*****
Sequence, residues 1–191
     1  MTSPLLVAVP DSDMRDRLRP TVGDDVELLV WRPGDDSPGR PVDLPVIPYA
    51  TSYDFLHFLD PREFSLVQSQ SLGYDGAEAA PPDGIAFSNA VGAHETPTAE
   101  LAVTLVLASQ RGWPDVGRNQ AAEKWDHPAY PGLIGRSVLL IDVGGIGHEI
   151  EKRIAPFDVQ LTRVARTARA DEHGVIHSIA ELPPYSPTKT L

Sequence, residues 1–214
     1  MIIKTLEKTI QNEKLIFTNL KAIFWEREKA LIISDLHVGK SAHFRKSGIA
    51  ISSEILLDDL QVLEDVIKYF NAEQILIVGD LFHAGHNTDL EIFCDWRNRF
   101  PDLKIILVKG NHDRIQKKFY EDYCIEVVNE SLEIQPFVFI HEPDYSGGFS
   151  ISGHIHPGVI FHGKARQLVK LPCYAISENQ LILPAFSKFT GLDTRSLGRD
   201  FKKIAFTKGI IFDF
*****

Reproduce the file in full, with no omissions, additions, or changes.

Sequence, residues 1–191
     1  MTSPLLVAVP DSDMRDRLRP TVGDDVELLV WRPGDDSPGR PVDLPVIPYA
    51  TSYDFLHFLD PREFSLVQSQ SLGYDGAEAA PPDGIAFSNA VGAHETPTAE
   101  LAVTLVLASQ RGWPDVGRNQ AAEKWDHPAY PGLIGRSVLL IDVGGIGHEI
   151  EKRIAPFDVQ LTRVARTARA DEHGVIHSIA ELPPYSPTKT L

Sequence, residues 1–214
     1  MIIKTLEKTI QNEKLIFTNL KAIFWEREKA LIISDLHVGK SAHFRKSGIA
    51  ISSEILLDDL QVLEDVIKYF NAEQILIVGD LFHAGHNTDL EIFCDWRNRF
   101  PDLKIILVKG NHDRIQKKFY EDYCIEVVNE SLEIQPFVFI HEPDYSGGFS
   151  ISGHIHPGVI FHGKARQLVK LPCYAISENQ LILPAFSKFT GLDTRSLGRD
   201  FKKIAFTKGI IFDF